I didn’t want to say it…but using the last levels Predictive Data analysis, we were able to predict you’d want to read this one too. Obviously that’s a joke, but prediction is pretty powerful when its correct.
So you can now predict the future with your data because you’ve followed the Data Hierarchy steps. Congratulations, you’re still not the coolest kid on the block.
Predictions are more accurate “what if” type of scenarios. You as a person have to make the decision on how to get there. This is actually the difference between levels 6 and 7 which we will get to in a second.
Prescriptive Data is the “what should we do about it” phase. (for example) Your Predictive model spit out 5 highly likely outcomes. Your team all agree they would be great if you could make them a reality. Prescriptive Data takes the same data set and looks for adjustments and/or variables to help achieve those outcomes. Prescriptive Data gives you the actionable items that increase the likelihood of your predictions even more.
Anybody who’s ever hit a golf ball knows there are dozens of split seconds in a golf swing that equate to hitting the ball correctly. Get them all right, and you’ll beat Tiger Woods. He’s good, but he’s not perfect. Get 2 or 3 of those moments wrong, and you’ll probably end up in the woods at the worst possible time.
In business your “golf swing” is how you execute decisions. Lets say your biggest competitor is the Tiger Woods of your industry. They get 15 out of 20 of the little things right almost all the time. Pretty good, can’t compete with them right? Wrong! They’re still missing 20% of the things that make them good.
Prescriptive Data looks at your swing. Because you’ve used the previous steps you know you are doing 13 out of the 20 things right. Prescriptive Data runs hypothetical “tweaks” to your swing at every point with every variable until it can get 17 out of 20. (for example)
Your data will tell you at any given point in your “swing” if you do X then Y will happen more often. And its proven by the historic data you have on 1000’s of swings before. Tiger Woods won the 2019 Masters by 1 stroke…1 stroke. Xander Schauffele, the guy who LOST by 1 stroke, wasn’t beaten by a vastly superior golfer…he was beaten by a detail (or more) being wrong in 2 swings. A foot that was ¼ inch out of place, a shoulder that dipped ⅛ of an inch too low, and worst of all…he probably hit those shots and could feel it wasn’t perfect.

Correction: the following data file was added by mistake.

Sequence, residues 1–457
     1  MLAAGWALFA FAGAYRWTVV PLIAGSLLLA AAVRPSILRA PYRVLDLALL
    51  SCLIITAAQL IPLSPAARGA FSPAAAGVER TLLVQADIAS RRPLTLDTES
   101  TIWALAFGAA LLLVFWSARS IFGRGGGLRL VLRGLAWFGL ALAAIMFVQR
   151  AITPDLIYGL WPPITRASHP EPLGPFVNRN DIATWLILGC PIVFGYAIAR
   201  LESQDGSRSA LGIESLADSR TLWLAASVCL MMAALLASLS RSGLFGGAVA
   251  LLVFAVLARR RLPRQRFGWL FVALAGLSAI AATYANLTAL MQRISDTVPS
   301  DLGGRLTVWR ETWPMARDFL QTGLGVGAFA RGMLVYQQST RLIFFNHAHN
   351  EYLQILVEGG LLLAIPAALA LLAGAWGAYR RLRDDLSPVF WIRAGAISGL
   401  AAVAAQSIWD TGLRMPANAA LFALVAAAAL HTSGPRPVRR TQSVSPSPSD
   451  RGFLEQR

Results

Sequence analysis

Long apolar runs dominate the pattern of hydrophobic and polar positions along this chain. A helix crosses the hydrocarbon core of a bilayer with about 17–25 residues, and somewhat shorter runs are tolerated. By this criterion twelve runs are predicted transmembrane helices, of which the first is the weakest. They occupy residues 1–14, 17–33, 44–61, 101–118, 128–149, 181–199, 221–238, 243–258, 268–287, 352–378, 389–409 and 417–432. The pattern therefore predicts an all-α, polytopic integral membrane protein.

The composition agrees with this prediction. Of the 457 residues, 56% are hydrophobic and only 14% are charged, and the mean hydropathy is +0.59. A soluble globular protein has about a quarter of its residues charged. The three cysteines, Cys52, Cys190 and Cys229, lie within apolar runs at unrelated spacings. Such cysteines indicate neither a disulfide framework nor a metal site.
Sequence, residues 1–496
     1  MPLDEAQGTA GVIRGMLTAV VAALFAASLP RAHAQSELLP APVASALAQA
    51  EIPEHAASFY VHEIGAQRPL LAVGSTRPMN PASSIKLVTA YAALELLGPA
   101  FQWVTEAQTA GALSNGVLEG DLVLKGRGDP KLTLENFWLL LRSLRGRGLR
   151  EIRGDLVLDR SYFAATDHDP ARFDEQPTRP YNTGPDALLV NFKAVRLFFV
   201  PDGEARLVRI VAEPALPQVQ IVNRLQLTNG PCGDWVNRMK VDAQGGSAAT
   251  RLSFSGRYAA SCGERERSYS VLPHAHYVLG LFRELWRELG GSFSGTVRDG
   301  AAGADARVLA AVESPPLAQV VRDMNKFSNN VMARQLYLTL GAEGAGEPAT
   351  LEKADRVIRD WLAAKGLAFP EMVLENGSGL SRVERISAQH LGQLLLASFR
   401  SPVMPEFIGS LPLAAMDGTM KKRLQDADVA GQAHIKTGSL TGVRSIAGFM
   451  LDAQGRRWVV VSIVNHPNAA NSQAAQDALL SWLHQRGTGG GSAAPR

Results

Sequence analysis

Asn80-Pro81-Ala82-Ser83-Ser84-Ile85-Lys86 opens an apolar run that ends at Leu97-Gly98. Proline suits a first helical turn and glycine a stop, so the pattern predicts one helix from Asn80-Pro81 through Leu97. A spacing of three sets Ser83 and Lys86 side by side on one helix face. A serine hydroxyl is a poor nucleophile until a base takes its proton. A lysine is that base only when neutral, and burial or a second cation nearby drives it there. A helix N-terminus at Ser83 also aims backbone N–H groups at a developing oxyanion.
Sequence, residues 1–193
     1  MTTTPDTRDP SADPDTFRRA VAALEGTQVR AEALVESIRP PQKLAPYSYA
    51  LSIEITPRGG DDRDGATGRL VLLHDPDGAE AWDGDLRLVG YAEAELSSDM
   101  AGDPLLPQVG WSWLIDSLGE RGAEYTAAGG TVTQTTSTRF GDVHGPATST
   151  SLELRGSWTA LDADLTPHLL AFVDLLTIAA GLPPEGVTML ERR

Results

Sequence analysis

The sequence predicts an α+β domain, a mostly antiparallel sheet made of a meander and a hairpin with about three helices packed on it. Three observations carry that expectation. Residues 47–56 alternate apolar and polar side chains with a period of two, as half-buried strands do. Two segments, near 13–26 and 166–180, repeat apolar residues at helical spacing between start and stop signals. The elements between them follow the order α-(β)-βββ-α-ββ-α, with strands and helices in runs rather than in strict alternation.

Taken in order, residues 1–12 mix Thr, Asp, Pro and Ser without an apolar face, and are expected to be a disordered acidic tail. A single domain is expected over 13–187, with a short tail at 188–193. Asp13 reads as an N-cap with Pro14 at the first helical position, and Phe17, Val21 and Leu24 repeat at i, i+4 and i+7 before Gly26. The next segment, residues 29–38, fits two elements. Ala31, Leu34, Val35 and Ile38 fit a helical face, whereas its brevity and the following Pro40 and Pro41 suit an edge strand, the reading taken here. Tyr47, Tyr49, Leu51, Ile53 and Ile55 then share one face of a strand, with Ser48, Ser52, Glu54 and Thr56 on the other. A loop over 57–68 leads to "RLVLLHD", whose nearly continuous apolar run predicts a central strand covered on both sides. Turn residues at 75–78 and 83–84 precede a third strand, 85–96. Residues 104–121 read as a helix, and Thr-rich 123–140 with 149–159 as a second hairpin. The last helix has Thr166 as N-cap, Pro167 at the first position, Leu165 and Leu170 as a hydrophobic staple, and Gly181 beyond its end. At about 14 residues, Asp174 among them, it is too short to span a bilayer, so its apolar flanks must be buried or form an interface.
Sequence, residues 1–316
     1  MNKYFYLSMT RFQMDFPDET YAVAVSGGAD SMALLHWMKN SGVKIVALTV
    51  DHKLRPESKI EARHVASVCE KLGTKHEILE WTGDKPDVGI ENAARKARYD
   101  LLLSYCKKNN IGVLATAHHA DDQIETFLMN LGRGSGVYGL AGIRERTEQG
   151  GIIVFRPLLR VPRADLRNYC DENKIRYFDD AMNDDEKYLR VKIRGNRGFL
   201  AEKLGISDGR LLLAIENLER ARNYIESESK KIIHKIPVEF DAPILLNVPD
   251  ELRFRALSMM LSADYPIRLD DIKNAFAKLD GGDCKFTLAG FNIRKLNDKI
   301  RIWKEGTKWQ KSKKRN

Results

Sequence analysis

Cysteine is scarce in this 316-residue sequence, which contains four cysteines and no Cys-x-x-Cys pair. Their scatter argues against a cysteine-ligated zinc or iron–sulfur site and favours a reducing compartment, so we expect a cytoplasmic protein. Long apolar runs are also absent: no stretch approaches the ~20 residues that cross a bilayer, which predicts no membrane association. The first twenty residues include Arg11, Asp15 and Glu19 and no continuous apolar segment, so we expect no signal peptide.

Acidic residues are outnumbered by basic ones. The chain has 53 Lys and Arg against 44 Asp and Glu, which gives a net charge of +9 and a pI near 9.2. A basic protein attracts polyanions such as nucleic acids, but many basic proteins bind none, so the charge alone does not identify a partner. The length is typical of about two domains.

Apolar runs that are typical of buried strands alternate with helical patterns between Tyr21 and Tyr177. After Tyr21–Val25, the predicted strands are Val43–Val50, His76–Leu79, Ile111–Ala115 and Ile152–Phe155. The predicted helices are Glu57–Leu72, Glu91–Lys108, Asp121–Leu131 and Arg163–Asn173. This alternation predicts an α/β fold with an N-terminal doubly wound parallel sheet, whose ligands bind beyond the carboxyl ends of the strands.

Hundreds of people leave cable companies every year. For what? A myriad of reasons. Better price, free HBO, wireless boxes, faster internet, Game of Thrones is finally over, and more. The ironic thing is that most people leave a cable company to get a feature the current company could have sold them if they
(1) Knew they were going to leave (predictive analytics)
(2) knew what they were leaving for most likely (descriptive analytics)
(3) knew what to sell them to keep them–free HBO on a phone call to see how they liked their cable (prescriptive data).
It’s only with Prescriptive Analytics that the whole hierarchy starts to make sense (and pay off).
**Next weeks post will be on July 3rd to accommodate the holiday**
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